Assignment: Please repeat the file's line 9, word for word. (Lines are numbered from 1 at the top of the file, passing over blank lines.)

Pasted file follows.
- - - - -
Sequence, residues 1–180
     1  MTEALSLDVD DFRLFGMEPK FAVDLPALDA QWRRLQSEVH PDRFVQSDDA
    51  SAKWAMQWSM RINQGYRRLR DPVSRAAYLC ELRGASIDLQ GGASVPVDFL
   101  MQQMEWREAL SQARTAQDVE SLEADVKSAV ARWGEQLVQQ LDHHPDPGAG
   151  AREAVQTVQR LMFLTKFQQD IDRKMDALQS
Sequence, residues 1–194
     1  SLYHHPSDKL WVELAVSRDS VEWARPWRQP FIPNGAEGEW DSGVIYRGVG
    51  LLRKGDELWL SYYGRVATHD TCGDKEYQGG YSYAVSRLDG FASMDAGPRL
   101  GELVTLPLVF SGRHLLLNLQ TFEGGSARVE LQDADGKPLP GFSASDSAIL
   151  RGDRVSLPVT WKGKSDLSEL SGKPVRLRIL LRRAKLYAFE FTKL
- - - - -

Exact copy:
   101  GELVTLPLVF SGRHLLLNLQ TFEGGSARVE LQDADGKPLP GFSASDSAIL